In 2017, Conservation International (CI) and Hewlett-Packard (HPQ), which had collaborated on building a software platform named the Wildlife Management Analytics system or WMA, were looking for a way to market the product. The WMA, which made camera trap data on biodiversity easier to analyze, was being incorporated into a free, public, cloud-based website called Wildlife Insights. CI, however, anticipated that scientists, governments, NGOs, businesses, and landowners might want to operate "private instances" of the software, i.e., separate customizable databases on which more specific analyses could be run. HPQ had licensed the software to CI and the nonprofit believed that the best way to distribute the WMA was to sell access to the software, offsetting some of its costs.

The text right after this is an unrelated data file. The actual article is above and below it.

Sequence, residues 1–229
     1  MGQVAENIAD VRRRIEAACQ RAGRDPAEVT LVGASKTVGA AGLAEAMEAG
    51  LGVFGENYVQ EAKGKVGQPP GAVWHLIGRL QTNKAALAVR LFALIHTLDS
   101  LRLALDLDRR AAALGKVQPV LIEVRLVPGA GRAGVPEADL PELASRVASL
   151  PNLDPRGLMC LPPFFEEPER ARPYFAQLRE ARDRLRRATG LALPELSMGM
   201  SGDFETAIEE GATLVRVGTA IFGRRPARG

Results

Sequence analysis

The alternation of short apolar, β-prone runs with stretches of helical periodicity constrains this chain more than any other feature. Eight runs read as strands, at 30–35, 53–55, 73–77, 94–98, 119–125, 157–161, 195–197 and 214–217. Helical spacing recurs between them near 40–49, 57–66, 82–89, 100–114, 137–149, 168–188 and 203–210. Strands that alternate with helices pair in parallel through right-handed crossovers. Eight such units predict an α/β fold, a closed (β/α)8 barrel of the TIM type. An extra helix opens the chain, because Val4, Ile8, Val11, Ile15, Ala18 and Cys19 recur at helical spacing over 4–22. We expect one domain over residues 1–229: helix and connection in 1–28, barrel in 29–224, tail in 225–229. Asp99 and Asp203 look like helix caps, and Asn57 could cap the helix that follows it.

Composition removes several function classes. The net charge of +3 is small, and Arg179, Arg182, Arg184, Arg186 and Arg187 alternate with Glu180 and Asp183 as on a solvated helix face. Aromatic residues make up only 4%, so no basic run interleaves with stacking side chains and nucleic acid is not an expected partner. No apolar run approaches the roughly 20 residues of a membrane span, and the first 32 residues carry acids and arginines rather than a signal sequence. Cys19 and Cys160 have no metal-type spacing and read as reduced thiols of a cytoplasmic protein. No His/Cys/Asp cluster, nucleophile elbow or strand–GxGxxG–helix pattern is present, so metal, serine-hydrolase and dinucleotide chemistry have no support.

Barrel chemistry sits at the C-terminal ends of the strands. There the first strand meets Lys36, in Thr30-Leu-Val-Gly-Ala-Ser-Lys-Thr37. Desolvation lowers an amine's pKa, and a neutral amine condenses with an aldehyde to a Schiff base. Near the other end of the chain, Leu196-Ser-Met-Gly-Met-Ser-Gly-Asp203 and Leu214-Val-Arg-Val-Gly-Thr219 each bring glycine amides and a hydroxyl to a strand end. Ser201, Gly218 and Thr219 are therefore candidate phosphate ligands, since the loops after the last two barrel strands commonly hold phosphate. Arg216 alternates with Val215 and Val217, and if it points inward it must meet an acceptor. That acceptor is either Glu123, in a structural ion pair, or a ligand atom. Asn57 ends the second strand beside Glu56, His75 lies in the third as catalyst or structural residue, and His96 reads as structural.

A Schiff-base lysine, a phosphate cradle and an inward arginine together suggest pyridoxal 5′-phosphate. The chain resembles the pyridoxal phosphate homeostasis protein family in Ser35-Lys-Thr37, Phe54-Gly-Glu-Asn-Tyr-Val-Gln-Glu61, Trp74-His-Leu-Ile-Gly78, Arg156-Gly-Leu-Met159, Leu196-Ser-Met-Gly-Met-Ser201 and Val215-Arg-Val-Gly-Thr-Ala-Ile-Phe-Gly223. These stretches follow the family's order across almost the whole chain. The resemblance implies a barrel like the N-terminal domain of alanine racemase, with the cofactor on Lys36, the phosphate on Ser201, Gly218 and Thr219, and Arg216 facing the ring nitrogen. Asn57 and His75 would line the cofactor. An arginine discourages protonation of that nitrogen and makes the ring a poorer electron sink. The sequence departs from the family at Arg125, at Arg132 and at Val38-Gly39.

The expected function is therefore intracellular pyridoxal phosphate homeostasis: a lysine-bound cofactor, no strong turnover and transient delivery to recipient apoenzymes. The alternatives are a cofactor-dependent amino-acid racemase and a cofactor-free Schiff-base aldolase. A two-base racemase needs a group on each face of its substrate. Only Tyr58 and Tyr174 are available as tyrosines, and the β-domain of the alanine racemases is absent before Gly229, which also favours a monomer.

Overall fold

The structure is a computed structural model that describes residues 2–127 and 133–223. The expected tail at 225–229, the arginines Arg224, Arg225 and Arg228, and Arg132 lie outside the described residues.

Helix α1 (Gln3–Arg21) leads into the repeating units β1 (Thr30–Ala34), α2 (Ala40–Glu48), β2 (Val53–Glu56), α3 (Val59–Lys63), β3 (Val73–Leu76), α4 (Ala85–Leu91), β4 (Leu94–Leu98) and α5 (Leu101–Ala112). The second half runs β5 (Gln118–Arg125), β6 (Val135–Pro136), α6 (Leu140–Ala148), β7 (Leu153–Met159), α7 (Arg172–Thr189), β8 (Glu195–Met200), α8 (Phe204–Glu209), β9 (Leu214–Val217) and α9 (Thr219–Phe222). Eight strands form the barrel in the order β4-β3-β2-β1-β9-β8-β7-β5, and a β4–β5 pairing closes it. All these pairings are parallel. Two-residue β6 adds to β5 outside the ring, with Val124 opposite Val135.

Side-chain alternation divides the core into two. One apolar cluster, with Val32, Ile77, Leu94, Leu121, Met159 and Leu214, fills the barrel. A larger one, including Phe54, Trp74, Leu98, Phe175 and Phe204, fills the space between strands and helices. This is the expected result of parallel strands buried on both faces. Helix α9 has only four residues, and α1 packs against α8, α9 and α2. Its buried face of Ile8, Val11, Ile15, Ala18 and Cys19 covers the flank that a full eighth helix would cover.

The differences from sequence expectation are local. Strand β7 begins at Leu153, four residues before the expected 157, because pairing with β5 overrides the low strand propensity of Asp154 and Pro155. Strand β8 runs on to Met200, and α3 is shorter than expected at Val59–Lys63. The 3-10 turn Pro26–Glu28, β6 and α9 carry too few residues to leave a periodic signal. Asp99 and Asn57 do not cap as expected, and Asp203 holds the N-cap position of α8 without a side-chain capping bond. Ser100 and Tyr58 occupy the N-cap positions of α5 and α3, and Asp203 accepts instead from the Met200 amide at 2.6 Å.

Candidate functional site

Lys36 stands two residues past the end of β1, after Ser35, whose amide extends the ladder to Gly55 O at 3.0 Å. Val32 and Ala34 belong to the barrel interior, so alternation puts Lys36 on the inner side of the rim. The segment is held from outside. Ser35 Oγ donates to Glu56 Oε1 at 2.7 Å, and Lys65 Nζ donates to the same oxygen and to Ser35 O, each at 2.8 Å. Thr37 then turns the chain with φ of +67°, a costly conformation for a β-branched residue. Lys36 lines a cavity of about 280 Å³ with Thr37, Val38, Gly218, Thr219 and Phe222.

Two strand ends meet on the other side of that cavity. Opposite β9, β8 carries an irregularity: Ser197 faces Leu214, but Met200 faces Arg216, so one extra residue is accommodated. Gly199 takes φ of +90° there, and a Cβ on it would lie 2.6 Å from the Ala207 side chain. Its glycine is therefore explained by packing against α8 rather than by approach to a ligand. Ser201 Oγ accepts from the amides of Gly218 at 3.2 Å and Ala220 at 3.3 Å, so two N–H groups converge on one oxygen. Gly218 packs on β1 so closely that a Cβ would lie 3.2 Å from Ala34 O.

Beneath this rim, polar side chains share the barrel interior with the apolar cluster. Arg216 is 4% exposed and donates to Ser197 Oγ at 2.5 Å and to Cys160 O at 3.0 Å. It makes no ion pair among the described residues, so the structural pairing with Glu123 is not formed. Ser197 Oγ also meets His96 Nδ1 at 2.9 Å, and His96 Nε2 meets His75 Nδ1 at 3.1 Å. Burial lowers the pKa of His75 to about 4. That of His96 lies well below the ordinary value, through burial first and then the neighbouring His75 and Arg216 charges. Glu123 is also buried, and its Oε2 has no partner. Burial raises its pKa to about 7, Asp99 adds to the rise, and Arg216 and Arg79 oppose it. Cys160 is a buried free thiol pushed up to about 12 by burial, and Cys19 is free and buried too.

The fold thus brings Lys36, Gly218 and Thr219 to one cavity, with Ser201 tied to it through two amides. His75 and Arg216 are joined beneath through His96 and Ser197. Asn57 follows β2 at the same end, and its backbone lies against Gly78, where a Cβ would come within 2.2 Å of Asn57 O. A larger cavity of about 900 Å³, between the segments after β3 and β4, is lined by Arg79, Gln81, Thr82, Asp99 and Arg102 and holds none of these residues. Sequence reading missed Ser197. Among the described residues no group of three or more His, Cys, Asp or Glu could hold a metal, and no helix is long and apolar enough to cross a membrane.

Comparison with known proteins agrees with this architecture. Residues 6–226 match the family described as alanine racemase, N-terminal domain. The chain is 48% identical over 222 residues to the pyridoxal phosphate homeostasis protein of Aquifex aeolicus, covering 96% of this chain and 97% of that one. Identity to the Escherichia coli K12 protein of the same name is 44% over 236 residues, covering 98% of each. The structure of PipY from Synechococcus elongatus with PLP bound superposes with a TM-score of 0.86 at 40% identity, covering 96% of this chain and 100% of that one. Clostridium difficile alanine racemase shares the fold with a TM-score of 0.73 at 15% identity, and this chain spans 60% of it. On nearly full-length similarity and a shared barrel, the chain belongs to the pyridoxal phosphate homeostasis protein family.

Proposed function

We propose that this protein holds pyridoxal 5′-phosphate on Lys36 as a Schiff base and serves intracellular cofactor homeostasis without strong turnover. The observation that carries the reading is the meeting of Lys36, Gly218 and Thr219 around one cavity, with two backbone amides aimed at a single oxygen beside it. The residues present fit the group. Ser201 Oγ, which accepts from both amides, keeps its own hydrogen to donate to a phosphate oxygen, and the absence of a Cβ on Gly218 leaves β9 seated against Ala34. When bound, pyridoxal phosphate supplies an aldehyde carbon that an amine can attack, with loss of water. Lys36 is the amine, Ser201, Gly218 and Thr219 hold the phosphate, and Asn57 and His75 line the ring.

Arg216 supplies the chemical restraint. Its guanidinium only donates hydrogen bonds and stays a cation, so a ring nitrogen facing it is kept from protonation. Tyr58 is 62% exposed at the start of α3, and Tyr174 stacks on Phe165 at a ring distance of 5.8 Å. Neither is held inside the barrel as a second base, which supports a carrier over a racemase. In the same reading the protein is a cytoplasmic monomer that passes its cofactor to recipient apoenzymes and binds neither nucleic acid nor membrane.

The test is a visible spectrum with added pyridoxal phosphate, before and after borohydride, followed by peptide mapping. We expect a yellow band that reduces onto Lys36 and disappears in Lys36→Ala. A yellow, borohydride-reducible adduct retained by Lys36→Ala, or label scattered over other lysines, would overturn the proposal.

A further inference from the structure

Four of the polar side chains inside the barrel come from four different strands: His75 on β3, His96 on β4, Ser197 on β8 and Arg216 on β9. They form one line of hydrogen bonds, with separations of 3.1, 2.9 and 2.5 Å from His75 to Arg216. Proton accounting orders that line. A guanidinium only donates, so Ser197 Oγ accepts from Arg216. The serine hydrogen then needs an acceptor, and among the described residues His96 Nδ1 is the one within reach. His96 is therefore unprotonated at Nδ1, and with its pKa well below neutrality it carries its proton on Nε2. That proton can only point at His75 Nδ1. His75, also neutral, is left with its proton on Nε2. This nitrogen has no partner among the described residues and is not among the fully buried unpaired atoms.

CI confronted a number of important questions in trying to implement their plan. How should CI determine pricing for the software while advancing its objectives as a nonprofit organization? How did this initiative fit into CI’s advocacy work and mission? Whom should CI charge for the use of the software, and what factors should they take into account when deciding how much to charge? And with scientists increasingly wary of environmental organizations pushing an agenda at the expense of what academics saw as intellectual honesty, would CI be able to drum up enough enthusiasm for the solution?